| OMAHA, Neb.
OMAHA, Neb. May 6 Berkshire Hathaway Inc
shareholders on Saturday rejected a proposal to have
the conglomerate run by Warren Buffett disclose its political
contributions twice a year.
The billionaire nonetheless expressed sympathy for the
proposal at Berkshire's annual meeting, expressing strong
opposition to the U.S. Supreme Court's 2010 decision in the
Citizens United case, which allowed unlimited independent
spending by corporations and labor unions in election campaigns.
Two shareholder proposals that would have required Berkshire
to report on its efforts to reduce methane emissions, and divest
stakes in companies involved in fossil fuels, were also voted
Saturday's votes were expected because Buffett, who controls
32.7 percent of Berkshire's voting power, opposed the proposals,
and Berkshire's board also recommended votes against them.
The proposal on political contributions, which won less than
11 percent of votes cast, was similar to proposals offered at
many companies and came from Clean Yield Asset Management on
behalf of shareholders Tom Beers and Mary Durfee.
Buffett, a supporter of Democrat Hillary Clinton in last
year's U.S. presidential election, said he believes Berkshire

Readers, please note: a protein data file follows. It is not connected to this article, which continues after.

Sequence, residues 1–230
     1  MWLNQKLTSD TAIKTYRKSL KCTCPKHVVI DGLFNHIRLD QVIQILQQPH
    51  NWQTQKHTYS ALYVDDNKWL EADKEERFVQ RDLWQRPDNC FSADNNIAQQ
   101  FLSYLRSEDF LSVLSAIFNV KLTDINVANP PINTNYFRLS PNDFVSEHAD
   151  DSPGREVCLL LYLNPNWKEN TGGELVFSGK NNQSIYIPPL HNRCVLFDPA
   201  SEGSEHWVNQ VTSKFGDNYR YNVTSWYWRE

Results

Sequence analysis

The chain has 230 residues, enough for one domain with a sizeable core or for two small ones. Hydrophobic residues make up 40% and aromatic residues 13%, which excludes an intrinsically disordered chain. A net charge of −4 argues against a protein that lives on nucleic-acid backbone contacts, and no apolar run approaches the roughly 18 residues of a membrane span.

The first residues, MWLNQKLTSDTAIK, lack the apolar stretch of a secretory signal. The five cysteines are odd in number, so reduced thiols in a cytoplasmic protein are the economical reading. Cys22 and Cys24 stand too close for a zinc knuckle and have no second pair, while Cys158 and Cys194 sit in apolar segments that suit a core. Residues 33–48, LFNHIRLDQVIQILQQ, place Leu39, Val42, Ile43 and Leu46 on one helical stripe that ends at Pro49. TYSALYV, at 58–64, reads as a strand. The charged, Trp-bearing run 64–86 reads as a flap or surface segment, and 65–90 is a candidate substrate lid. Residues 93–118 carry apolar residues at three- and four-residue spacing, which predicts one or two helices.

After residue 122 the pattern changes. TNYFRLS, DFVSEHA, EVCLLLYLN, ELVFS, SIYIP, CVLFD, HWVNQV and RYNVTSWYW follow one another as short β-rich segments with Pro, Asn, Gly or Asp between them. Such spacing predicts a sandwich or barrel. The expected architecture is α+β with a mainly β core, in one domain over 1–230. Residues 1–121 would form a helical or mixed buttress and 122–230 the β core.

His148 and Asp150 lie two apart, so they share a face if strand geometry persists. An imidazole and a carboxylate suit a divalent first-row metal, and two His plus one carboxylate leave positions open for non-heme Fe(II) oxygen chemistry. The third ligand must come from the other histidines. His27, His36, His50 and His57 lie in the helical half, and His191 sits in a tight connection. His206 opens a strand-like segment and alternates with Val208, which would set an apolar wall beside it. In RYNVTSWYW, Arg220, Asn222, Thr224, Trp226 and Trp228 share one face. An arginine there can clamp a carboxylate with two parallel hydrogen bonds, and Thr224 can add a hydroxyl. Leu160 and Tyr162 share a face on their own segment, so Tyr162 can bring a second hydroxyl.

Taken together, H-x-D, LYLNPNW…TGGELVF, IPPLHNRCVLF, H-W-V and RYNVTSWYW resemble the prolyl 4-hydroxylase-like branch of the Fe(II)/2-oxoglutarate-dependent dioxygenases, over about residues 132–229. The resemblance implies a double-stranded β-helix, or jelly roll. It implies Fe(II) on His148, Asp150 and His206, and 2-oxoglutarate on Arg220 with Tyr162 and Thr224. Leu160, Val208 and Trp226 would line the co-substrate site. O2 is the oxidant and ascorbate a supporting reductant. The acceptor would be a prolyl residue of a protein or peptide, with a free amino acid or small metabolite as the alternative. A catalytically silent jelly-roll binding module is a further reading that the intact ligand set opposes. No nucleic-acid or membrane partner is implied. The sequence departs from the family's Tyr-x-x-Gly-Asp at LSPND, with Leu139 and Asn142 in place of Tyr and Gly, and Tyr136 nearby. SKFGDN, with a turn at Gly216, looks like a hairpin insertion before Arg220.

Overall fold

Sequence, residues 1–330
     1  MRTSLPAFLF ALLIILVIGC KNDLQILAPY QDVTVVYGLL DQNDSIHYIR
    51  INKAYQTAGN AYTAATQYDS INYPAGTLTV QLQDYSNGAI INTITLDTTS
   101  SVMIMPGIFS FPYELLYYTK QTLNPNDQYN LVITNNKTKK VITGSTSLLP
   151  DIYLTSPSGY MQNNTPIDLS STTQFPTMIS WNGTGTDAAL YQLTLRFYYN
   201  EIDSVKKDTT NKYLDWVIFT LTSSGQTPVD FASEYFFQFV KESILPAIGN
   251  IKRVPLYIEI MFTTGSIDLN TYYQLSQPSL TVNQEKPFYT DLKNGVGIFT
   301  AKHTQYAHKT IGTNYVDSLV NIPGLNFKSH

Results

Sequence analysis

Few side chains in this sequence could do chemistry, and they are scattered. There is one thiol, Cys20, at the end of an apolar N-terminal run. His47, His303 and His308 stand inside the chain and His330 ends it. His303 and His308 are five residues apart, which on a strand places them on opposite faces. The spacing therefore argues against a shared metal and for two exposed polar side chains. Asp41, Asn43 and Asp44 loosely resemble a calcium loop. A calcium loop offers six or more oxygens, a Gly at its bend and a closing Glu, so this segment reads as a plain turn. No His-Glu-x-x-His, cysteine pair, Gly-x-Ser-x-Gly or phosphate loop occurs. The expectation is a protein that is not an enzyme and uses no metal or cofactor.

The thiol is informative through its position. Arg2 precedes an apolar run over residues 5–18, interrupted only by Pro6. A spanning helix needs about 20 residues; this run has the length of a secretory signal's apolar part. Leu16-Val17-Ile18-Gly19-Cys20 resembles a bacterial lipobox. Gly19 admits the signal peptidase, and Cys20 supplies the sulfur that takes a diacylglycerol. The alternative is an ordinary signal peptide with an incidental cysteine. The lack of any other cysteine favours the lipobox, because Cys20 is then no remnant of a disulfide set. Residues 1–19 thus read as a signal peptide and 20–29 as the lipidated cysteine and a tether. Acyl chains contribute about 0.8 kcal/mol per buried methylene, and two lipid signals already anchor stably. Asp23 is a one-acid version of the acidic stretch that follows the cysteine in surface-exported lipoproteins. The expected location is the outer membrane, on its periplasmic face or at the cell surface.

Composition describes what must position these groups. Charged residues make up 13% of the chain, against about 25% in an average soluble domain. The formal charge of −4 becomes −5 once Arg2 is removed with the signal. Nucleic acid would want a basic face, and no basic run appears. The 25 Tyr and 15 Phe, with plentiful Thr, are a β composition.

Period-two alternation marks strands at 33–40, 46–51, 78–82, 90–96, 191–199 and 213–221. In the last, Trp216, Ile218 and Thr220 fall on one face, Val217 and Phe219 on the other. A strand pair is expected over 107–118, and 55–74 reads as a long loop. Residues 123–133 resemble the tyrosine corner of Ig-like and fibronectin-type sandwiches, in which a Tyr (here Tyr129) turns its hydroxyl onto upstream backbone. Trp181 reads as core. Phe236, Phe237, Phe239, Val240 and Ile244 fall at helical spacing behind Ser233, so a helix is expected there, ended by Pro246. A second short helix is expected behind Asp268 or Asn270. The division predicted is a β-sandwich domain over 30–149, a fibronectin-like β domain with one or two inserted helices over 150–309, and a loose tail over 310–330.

has made no political contributions at the parent company level
in his 52 years at the helm, but some subsidiaries in heavily
regulated industries "are probably going to have to make some"
"I personally disagree with the Citizens United decision,"
Buffett said. "I think it is a minus in our democracy, and that
big money can often distort the political process."
He said he tells managers of Berkshire business units not to
get personally enmeshed in political matters, but that this did
not hold true for the businesses themselves.
"I'm sure that they give money to people I wouldn't vote
for, but that is the reality of doing business," he said.
"My heart is with you to some extent," he nonetheless told a
woman who made the proposal on Clean Yield's behalf.
On the methane emissions proposal from shareholder Marcia
Sage, Berkshire said its gas pipeline and other units have
already taken steps to reduce emissions, and that a separate
report was unnecessary.
The fossil fuels proposal from the Nebraska Peace Foundation
would have required Berkshire to sell investments in oil refiner
Phillips 66 and other companies involved in fossil fuels
over 12 years. Berkshire said complex social and moral issues
should not determine where it could invest.
(Reporting by Jonathan Stempel in Omaha, Nebraska; Editing by
Jennifer Ablan and Jonathan Oatis)